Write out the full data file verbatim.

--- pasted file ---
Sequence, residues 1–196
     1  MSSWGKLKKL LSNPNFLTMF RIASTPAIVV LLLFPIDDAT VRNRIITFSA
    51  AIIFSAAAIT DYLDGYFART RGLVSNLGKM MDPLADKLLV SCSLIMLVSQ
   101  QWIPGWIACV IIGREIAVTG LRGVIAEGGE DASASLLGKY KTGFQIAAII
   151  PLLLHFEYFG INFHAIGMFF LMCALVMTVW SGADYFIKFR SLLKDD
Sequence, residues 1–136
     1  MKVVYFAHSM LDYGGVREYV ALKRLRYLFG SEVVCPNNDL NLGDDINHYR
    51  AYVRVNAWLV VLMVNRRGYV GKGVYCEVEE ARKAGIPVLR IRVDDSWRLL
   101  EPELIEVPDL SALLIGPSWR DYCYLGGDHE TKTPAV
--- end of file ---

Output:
Sequence, residues 1–196
     1  MSSWGKLKKL LSNPNFLTMF RIASTPAIVV LLLFPIDDAT VRNRIITFSA
    51  AIIFSAAAIT DYLDGYFART RGLVSNLGKM MDPLADKLLV SCSLIMLVSQ
   101  QWIPGWIACV IIGREIAVTG LRGVIAEGGE DASASLLGKY KTGFQIAAII
   151  PLLLHFEYFG INFHAIGMFF LMCALVMTVW SGADYFIKFR SLLKDD
Sequence, residues 1–136
     1  MKVVYFAHSM LDYGGVREYV ALKRLRYLFG SEVVCPNNDL NLGDDINHYR
    51  AYVRVNAWLV VLMVNRRGYV GKGVYCEVEE ARKAGIPVLR IRVDDSWRLL
   101  EPELIEVPDL SALLIGPSWR DYCYLGGDHE TKTPAV